Commentators are suggesting that Jeremy Lin is just what the NBA needed, a “Taiwanese Tebow,” as some have dubbed him, pointing to his outward expression of the Christian faith and his ability to capture the attention of spdorts fans everywhere.
To be sure, the 24-year-old standout from Harvard is giving kids (and kids at heart) someone and something fun to cheer about. And in the NBA, with the disproportionate moral deficiencies amongst some of its players, that’s no small feat, no pun intended.
Some are calling it “Lin-Sanity.” Others a “Linderella story.”
As for me, I’ll leave the clever names to the punsters.
I just think it’s a great story.
Here is Lin, a second-year player, coming off the bench and leading his injury-plagued New York Knicks to a seven-game winning streak, and in the most impressive and dramatic fashion. In each of his first six games, he’s averaged over 20 points and 7 assists including a winning three-point shot at the buzzer on Tuesday night. Last night he set a personal record for assists in leading the Knicks to an easy victory.
Back in the summer of 2010, just after he was bypassed in the draft and signed as a free agent by the Golden State Warriors, reporters were more quick to zero in on his Asian-American heritage, as opposed to his Christian faith. When asked about it on CNN, here’s what he said:
People want to talk about me being Asian. First and foremost of my identity is me being a Christian. I’m a nondenominational Christian and I grew up in the Bay Area and I’ve been going to church since my whole life, so I’ve been blessed by God to be in this situation. And, you know, it’s — it really is a miracle. And there’s so many different parts of my story that I never could have seen coming. And there’s so many tough situations and what I thought were bad situations that God turned into great situations. And, so, I’m very, very thankful to Him.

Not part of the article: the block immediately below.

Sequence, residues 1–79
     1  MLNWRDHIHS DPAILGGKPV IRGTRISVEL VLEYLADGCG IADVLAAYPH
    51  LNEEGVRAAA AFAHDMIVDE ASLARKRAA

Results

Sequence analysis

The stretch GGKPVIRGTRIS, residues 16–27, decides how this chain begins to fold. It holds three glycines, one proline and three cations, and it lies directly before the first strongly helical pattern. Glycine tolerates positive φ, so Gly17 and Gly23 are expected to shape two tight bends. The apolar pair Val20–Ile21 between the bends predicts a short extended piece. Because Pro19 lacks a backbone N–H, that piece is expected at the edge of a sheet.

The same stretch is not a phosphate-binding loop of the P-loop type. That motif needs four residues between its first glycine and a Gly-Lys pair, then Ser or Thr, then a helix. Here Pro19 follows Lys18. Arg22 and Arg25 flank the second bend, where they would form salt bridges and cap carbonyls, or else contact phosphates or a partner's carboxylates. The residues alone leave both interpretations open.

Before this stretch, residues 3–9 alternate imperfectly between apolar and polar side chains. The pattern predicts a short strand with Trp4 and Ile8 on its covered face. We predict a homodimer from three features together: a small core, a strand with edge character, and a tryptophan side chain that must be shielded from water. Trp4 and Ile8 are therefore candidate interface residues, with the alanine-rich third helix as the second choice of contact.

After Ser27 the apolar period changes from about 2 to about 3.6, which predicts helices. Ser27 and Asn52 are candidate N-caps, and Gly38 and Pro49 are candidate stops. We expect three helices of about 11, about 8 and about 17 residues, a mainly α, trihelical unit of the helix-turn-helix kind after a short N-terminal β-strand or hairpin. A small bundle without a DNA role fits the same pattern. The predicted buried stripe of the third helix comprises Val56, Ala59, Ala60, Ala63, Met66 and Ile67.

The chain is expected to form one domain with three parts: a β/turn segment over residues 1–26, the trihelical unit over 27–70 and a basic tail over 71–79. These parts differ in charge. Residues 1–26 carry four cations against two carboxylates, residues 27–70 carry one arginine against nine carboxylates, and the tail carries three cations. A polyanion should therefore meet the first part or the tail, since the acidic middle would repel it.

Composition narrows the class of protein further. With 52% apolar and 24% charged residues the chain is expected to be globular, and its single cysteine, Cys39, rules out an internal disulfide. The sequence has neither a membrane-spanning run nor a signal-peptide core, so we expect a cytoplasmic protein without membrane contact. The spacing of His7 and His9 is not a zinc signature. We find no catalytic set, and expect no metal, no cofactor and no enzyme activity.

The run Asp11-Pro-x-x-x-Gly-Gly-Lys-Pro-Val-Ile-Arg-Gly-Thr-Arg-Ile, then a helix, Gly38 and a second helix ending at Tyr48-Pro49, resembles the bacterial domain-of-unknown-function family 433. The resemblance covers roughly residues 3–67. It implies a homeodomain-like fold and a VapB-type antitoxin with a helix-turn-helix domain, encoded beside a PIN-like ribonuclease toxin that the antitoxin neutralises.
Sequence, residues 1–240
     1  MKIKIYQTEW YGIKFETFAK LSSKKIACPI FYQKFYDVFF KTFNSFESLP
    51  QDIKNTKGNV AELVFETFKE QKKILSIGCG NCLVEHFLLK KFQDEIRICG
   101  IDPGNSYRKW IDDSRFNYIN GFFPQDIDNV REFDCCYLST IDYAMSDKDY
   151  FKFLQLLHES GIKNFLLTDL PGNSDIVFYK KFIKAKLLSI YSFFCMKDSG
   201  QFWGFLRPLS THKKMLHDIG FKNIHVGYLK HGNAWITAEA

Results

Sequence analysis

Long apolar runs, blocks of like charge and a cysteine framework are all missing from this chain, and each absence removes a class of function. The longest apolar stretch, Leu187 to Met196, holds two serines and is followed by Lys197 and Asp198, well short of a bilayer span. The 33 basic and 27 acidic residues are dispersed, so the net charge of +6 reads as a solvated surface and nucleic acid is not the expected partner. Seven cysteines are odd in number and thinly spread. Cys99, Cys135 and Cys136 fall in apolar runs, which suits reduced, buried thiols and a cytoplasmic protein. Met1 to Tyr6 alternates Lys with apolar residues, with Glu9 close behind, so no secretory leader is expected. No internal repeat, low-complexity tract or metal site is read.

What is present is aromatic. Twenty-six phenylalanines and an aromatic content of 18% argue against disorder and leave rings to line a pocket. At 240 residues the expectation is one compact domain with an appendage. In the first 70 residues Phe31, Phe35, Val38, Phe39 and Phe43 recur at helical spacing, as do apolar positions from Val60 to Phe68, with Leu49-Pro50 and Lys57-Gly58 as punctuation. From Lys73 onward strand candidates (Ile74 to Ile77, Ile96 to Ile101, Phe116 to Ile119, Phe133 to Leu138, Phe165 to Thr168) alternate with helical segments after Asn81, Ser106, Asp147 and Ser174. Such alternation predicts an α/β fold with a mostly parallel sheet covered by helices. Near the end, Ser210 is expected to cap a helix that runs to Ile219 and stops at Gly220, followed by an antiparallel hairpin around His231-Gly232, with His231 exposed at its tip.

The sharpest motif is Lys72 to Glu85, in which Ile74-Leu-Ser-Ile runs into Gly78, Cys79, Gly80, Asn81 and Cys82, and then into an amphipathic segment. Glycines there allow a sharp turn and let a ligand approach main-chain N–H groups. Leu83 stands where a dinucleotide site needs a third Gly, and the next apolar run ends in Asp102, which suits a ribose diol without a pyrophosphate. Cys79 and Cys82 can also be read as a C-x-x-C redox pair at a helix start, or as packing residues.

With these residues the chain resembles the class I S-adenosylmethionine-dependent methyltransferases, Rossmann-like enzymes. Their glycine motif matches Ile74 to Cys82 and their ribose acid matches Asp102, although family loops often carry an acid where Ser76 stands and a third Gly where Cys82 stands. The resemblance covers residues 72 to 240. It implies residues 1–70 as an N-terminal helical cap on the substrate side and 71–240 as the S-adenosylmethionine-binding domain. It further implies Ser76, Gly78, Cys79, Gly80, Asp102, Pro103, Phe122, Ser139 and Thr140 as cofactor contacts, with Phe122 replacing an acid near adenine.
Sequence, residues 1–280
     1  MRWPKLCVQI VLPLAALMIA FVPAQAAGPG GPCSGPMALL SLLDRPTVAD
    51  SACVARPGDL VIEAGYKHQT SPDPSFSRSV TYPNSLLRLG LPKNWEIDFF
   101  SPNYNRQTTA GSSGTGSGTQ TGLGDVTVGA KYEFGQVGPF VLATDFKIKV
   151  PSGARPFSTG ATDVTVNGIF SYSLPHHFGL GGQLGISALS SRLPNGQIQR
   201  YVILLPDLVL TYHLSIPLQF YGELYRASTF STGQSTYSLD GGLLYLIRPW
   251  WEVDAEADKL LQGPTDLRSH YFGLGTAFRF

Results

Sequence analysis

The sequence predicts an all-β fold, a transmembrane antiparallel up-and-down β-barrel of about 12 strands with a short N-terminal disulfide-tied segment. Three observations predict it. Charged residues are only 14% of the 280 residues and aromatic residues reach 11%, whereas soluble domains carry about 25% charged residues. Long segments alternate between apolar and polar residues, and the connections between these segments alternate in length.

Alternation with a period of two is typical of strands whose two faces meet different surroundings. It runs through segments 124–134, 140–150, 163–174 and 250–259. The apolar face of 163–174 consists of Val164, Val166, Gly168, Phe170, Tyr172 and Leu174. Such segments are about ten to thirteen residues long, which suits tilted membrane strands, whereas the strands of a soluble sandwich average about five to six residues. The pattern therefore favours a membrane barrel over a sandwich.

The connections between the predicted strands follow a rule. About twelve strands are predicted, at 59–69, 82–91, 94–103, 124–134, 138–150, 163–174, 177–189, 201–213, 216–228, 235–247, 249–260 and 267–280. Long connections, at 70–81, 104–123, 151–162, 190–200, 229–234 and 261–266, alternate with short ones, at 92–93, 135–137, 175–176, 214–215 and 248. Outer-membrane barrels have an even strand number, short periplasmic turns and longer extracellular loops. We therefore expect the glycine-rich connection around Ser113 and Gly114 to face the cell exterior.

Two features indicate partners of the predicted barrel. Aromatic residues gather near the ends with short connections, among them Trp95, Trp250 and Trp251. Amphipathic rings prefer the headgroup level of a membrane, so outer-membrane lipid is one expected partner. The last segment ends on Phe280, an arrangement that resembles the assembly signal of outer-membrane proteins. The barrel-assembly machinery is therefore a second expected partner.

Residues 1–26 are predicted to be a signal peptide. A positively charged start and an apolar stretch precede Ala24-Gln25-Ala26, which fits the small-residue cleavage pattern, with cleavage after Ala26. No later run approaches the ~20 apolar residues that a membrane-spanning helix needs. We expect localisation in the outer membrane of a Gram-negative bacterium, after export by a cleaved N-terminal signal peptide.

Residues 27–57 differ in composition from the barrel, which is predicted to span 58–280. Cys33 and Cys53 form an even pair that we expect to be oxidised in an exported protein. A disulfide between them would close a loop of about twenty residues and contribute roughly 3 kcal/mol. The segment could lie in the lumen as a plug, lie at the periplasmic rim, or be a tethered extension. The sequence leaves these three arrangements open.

Writing in Saturday’s New York Times, reporter Michael Luo made an interesting observation:
I have the sense that (Lin’s) is a quieter, potentially less polarizing but no less devout style of faith. And while Tebow appeared in an anti-abortion Super Bowl ad two years ago, Asian Americans tend to avoid the culture wars.
In a follow-up interview with GetReligion.org’s Sarah Pulliam Bailey, Luo was pressed on his observation:
I think the manner in which Tebow has become such a polarizing figure is … in large measure, because of how he has come to represent the stereotype of all evangelicals—specifically white evangelicals who are part of the so-called religious right. That’s partly the media’s fault. But that’s also partly just the way the word, “evangelical,” has morphed since the 1980s into a political term, synonymous with Christian conservatism, as opposed to a theological one, which is how it really began.
As the leader of Focus on the Family, I’m regularly running into all kinds of unflattering stereotypes from those who disagree with many of our foundational principles. I actually enjoy meeting with some of those who hold to these types of views. It’s good to have a chance to disprove what many have long believed to be fact.
But is this a fair assessment from Mr. Luo, that Jeremy’s Asian-American heritage somehow makes his Christian evangelism more palatable to the broader public than Tim Tebow’s – simply because Tim Tebow is white and Lin is not?
Racial stereotypes are most unfortunate and distasteful. They negatively impact the spreading of the faith. I hope we can move beyond such antiquated discussions. Our heritage is important but not nearly as much as our faith, which should be colorblind. I applaud Mr. Lin for doing his part, and for his solid and positive representation of Christianity.
By the way, did you know that more Christians went to church throughout Asia this past Sunday than here in the United States?